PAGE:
Jared Bernstein says that implementing Dodd-Frank is essential to achieve full employment. For how to deal with financial oversight, he recommends turning to Roosevelt Institute Fellow Mike Konczal.

Sympathy for the Overdog (Slate)

The employees of Market Basket, a Northeast grocery chain, are protesting their CEO's ousting. Luke O'Neil reports that they credit him with their fair wages and benefits, and fear a backslide.

New on Next New Deal

Roosevelt Reacts: NLRB Holds McDonald's Accountable for Labor Violations

Roosevelt Institute President and CEO Felicia Wong and Senior Fellow Richard Kirsch praise yesterday's National Labor Relations Board ruling for its common-sense support for workers.

Through Innovation, People Will Live Longer and Earn Less

In his video speculation for the Next American Economy initiative, MIT professor Frank Levy predicts the rise of an anti-technology movement as the economy stays stagnant.

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Daily Digest - July 29: Companies Look to Turn Off the Tap on Free Water

Jul 29, 2014Rachel Goldfarb

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Companies Proclaim Water the Next Oil in a Rush to Turn Resources into Profit (The Guardian)

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Companies Proclaim Water the Next Oil in a Rush to Turn Resources into Profit (The Guardian)

As the CEO of Nestle publicly declares that any water beyond survival needs should be paid for, Suzanne McGee considers the potential horror story of commodifying water.

Paid Leave Encourages Female Employees to Stay (NYT)

Federally mandated paid maternity leave could be one of the most powerful tools to reverse the decline of women's participation in the U.S. labor force, says Claire Cain Miller.

One More Clue that the Obamacare Lawsuits Are Wrong (TNR)

In light of current legal fights over health care exchange subsidies, Jonathan Cohn looks back to a 2010 e-mail from an influential House staffer for proof of Congress's intentions.

History Suggests Ryan Block Grant Would Be Susceptible to Cuts (Off the Charts)

Richard Kogan points out the vulnerability of block grants, which have less obvious impacts than individual programs. Of 11 major anti-poverty block grants, nine have faced cuts since 2001.

A Bill to Get the Labor Movement Back on Offense (The Nation)

George Zornick reports on a proposal by House Democrats that would make labor organizing a civil right and allow workers to take their complaints outside the National Labor Relations Board.

Fast Food Convention Portends Escalation in Strikes (MSNBC)

Ned Resnikoff writes that workers at this weekend's fast food convention pushed for more radical tactics as well as cross-movement collaboration with groups like Moral Mondays in North Carolina.

New on Next New Deal

After the End of the Innovation Era

Rob Atkinson, president of the Information Technology and Innovation Foundation, envisions a future of slowed technological growth in his speculation for the Next American Economy project.

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Daily Digest - July 28: Work Shouldn't Be a Threat to Working Families

Jul 28, 2014Rachel Goldfarb

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Poor Parents Need Work-Life Balance Too (The Nation)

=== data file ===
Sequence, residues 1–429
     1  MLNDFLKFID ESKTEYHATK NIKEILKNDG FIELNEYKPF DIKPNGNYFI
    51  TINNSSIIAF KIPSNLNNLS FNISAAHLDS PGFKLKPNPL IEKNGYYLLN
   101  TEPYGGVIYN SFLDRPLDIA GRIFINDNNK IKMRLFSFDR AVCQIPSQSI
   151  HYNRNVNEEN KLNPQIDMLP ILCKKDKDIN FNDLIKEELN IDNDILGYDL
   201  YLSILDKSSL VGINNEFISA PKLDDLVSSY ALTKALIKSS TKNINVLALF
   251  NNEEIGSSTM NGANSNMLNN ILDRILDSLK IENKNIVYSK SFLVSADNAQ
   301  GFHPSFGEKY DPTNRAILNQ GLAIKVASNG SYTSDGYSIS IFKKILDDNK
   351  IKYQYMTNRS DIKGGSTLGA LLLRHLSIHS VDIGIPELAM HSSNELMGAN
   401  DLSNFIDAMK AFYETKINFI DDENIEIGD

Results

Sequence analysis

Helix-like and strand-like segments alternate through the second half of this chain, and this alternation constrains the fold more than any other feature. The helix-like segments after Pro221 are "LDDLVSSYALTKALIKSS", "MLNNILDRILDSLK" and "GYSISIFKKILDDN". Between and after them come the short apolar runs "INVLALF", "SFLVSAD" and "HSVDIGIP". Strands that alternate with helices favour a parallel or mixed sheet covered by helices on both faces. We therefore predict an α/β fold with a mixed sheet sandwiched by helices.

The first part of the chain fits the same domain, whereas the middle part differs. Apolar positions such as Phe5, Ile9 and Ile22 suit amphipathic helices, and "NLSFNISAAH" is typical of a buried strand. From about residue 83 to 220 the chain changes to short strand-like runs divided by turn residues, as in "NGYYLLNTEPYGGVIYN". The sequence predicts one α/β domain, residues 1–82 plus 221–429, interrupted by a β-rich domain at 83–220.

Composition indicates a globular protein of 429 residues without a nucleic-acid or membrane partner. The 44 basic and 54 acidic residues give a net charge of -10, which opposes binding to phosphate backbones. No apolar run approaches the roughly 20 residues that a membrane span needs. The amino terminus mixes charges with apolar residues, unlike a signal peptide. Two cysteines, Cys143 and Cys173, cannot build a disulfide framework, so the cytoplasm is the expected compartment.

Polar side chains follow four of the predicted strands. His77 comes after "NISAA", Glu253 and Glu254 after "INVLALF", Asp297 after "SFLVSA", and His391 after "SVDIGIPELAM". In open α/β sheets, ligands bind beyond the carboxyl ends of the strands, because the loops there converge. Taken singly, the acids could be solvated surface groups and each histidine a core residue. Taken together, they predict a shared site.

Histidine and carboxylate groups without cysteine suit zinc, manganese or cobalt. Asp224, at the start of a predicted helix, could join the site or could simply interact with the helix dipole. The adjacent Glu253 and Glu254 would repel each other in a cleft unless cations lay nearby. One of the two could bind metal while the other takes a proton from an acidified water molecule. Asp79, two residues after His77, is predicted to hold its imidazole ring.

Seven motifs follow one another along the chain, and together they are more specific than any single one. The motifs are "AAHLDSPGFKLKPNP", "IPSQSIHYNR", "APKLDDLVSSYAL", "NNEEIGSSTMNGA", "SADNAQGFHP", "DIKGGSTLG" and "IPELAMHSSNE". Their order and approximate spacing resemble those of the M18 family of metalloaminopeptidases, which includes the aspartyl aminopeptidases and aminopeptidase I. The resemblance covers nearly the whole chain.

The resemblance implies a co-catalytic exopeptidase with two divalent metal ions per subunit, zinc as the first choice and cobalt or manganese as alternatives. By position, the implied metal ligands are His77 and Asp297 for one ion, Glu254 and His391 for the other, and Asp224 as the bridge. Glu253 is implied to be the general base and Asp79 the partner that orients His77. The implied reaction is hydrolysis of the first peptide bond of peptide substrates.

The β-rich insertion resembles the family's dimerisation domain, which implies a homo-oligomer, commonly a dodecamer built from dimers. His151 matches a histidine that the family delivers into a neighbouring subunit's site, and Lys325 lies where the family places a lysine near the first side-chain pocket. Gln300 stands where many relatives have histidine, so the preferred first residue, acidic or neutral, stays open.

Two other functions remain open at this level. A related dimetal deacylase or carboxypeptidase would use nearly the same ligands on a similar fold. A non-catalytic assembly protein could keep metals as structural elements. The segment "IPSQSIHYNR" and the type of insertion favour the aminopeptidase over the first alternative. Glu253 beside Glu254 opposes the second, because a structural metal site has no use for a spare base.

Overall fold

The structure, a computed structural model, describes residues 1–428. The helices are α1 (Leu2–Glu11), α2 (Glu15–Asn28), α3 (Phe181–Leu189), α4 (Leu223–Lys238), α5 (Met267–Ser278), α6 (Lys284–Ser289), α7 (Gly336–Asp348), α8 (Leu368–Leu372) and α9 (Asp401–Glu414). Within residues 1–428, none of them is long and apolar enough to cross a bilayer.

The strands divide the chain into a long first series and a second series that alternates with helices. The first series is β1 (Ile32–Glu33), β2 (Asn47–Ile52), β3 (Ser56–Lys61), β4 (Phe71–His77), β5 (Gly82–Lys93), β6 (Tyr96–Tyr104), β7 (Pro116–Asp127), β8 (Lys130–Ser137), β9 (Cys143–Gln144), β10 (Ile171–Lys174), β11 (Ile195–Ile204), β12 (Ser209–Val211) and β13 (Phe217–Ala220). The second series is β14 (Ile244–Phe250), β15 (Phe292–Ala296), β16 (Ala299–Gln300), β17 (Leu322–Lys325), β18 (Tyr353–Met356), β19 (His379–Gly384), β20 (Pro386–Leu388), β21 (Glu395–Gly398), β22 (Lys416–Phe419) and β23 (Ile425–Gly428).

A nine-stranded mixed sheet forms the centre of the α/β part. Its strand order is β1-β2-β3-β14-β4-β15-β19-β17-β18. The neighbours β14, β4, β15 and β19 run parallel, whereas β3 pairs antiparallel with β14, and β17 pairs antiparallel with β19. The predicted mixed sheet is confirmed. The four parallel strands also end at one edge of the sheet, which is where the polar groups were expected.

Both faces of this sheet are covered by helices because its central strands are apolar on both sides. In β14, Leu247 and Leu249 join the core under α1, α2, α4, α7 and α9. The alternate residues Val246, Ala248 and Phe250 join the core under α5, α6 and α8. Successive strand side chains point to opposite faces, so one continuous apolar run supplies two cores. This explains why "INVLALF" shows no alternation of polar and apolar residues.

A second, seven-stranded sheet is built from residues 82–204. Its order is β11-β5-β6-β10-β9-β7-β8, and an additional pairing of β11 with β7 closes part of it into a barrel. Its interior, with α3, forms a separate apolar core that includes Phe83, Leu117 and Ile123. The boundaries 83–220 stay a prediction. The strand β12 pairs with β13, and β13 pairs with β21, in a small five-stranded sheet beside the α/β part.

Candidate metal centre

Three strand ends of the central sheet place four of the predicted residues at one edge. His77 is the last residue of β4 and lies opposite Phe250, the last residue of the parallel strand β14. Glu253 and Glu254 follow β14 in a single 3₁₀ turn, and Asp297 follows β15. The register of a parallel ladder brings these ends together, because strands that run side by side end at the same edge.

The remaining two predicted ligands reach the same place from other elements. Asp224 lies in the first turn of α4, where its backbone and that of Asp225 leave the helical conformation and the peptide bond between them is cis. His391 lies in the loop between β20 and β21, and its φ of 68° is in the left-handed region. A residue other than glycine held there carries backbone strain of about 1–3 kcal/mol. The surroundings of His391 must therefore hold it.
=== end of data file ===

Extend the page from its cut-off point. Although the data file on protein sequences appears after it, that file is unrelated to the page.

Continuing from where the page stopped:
Michelle Chen says that without the flexibility of scheduling offered by white-collar jobs, workers in the service industries face volatile schedules that disrupt family lives.

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Poor Parents Need Work-Life Balance Too (The Nation)

Michelle Chen says that without the flexibility of scheduling offered by white-collar jobs, workers in the service industries face volatile schedules that disrupt family lives.

Fast-Food Workers Intensify Fight for $15 an Hour (NYT)

At the largest convention of fast-food workers, Steven Greenhouse reports that workers approved escalated tactics, drawing on the nonviolent civil disobedience of the Civil Rights Movement.

Close the Tax Loophole on Inversions (WaPo)

Treasury Secretary Jacob J. Lew explains the need for immediate action to reform the tax code to limit companies' ability to avoid taxes by merging with foreign companies.

Fed’s Targeting of Asset Bubbles Leads to Contradictions (AJAM)

Bubbles might be necessary to obtain full employment, writes Philip Pilkington, but limiting bubbles is among the Federal Reserve's goals. Higher deficits or lower inequality could help.

New on Next New Deal

Two Tiers of College Tuition? Not on This Campus

Mohanned Abdelhameed, Vice President of the San Bernardino Valley Community College chapter of the Campus Network, explains why students rejected two-tiered tuition pricing models.

Inequality Could Spark a Second Civil War

In his speculation for the Next American Economy initiative, Roosevelt Institute Fellow Dorian Warren imagines a future in which national cohesion has disintegrated and a one-party civil oligarchy has taken control.

Quick Thoughts on Ryan's Poverty Plan: What Are the Risks?

Roosevelt Institute Fellow Mike Konczal says that Paul Ryan's wholesale adoption of the President's plan for the Earned Income Tax Credit shows the value of pushing further to the left.

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Daily Digest - July 25: The Bad Science Behind the Anti-Woman Agenda

Jul 25, 2014Rachel Goldfarb

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Debunking the Bad Science on Abortion and Women's Health (The Hill)